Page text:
Online game lets you try to solve traffic gridlock

A new online game developed by University of Minnesota Institute of Technology engineering faculty and staff in the Intelligent Transportation Systems (ITS) Institute lets you try your hand at solving the morning traffic gridlock.

Gridlock busterA new online game developed by University of Minnesota Institute of Technology engineering faculty and staff in the Intelligent Transportation Systems (ITS) Institute lets you try your hand at solving the morning traffic gridlock.

"Gridlock Buster," developed in coordination with Web Courseworks to get high school students interested in transportation engineering, is a traffic control game that incorporates tools and ideas that traffic control engineers use in their everyday work. Players must pass a series of levels while acquiring specific skills in exercising control and fixing situations in a simulated environment. To play "Gridlock Buster," go to www.its.umn.edu/trafficcontrolgame.

For example, a player might need to manage a high volume of traffic passing through an intersection, where long lines form if vehicles don't get enough green-light time. The more drivers are delayed, the more frustrated they get - causing the game's "frustration meter" to rise. Sound effects and animation simulate cars honking and drivers' fists shaking to illustrate the realistic results of backed-up traffic queues.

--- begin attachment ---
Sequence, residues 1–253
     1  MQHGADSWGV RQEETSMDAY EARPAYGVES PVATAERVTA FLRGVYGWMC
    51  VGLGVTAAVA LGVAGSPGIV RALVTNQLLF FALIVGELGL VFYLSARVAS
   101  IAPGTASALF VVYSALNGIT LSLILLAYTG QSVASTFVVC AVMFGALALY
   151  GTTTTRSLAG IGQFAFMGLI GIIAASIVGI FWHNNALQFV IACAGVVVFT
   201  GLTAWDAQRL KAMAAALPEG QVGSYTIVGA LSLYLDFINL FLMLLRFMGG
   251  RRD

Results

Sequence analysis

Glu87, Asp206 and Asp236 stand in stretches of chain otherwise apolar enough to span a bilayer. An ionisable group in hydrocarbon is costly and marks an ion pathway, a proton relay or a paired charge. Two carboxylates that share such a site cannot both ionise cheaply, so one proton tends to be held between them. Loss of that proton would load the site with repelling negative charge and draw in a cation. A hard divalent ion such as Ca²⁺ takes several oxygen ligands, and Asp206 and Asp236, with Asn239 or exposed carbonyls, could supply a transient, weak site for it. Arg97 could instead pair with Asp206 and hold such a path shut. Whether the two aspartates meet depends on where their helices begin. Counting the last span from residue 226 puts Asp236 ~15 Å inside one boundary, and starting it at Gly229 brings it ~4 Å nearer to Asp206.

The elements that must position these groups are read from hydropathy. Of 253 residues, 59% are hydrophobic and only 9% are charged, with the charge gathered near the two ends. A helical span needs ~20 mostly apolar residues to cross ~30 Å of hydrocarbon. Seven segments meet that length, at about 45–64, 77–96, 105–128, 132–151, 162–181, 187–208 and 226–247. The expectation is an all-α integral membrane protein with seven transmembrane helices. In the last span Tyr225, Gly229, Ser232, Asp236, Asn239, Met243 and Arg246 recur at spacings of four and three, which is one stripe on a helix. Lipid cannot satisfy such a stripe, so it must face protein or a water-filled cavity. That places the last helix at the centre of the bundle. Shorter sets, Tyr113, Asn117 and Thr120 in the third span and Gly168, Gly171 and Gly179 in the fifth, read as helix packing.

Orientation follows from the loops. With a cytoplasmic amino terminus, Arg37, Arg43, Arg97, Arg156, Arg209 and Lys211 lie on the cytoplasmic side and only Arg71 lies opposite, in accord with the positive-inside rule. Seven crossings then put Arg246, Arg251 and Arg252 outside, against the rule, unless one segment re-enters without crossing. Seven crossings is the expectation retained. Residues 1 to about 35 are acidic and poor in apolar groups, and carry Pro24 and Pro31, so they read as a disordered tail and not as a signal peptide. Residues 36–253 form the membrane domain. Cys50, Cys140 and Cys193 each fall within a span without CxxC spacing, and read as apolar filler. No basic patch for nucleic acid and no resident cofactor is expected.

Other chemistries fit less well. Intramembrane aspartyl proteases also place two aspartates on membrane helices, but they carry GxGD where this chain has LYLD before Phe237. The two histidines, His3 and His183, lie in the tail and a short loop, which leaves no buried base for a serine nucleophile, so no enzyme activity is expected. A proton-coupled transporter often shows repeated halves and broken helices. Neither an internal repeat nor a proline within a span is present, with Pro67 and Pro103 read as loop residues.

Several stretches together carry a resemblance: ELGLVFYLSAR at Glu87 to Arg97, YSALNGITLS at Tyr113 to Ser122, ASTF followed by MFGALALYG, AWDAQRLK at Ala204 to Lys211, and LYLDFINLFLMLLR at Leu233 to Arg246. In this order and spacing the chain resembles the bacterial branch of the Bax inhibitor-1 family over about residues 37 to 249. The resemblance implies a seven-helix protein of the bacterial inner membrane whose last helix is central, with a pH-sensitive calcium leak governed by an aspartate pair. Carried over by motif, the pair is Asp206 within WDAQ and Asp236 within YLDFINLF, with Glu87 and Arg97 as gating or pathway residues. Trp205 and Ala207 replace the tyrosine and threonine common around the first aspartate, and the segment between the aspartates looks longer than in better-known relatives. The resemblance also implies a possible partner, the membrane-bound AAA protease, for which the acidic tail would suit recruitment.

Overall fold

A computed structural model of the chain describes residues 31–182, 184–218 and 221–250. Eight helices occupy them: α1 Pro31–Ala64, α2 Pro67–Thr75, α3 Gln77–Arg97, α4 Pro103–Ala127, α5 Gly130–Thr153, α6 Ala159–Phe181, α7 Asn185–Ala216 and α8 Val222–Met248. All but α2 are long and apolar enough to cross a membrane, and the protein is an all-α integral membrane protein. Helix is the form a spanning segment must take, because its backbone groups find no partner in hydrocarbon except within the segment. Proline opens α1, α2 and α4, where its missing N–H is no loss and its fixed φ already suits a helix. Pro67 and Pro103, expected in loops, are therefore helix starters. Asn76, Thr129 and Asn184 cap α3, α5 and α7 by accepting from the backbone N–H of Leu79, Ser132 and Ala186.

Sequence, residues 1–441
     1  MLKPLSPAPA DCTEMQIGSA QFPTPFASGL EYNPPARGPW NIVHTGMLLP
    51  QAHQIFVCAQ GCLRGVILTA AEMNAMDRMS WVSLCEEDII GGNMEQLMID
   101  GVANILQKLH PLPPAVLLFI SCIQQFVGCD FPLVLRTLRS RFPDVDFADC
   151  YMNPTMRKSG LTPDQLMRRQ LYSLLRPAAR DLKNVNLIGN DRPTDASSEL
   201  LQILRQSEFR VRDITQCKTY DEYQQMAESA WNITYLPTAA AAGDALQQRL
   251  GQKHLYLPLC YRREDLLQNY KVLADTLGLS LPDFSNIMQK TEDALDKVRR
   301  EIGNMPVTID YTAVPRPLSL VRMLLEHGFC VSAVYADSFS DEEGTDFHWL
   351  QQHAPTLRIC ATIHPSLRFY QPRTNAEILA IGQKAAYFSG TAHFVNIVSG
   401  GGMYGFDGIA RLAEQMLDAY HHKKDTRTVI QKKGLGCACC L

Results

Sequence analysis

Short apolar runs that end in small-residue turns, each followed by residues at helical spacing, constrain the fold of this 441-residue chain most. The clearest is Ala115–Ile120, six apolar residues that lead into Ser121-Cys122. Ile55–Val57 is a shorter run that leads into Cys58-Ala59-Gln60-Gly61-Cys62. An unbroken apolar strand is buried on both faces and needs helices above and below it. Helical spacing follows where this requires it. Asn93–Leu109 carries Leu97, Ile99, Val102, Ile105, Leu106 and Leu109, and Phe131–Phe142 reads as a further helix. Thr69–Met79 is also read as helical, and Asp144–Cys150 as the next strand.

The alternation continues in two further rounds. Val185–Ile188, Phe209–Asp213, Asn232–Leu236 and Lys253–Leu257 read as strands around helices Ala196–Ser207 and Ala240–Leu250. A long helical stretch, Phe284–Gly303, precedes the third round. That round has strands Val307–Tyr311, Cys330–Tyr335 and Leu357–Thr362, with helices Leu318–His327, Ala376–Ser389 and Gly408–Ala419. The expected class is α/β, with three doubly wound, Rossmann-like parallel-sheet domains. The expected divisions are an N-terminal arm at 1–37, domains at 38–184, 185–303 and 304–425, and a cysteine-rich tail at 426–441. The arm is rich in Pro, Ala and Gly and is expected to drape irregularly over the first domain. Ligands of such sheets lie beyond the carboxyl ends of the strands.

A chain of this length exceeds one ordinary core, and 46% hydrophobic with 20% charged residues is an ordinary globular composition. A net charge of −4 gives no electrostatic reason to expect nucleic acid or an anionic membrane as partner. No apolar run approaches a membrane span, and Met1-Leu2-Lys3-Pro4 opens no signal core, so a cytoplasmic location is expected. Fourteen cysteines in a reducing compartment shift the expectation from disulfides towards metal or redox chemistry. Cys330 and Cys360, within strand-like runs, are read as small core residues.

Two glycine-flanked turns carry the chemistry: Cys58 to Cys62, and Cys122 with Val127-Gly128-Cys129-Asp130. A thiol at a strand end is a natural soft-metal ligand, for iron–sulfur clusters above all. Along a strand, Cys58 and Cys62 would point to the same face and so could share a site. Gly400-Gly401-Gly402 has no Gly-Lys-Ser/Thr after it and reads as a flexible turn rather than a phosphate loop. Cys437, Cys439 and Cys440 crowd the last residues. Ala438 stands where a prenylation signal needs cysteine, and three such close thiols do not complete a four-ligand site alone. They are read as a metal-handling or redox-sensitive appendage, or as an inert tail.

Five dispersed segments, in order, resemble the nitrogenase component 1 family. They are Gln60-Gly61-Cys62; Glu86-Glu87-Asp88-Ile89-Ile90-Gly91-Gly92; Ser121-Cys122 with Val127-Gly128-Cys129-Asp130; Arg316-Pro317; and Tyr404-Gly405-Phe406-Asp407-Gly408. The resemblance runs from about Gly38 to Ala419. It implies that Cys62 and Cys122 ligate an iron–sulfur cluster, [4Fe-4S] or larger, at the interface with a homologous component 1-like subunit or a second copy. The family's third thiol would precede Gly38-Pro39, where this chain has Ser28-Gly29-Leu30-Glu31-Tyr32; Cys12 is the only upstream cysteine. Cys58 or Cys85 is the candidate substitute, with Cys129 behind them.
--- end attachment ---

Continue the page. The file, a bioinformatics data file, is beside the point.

Gridlock busterThe game is based on work by civil engineering staff member Chen-Fu Liao, the ITS Institute's education systems engineer. The goal is to provide a fun way to engage students in the traffic engineering field, teach what is involved in traffic grid management and make transportation interesting and relevant.

"Kids are really into games, especially online games. We think creating a game like Gridlock Buster is a great way to engage them and get them interested in engineering and transportation," said Max Donath, director of the ITS Institute and mechanical engineering professor. "The best way to learn is by playing."

The ITS Institute is federally funded through the Research and Innovative Technology Administration of the United States Department of Transportation.

July 21, 2009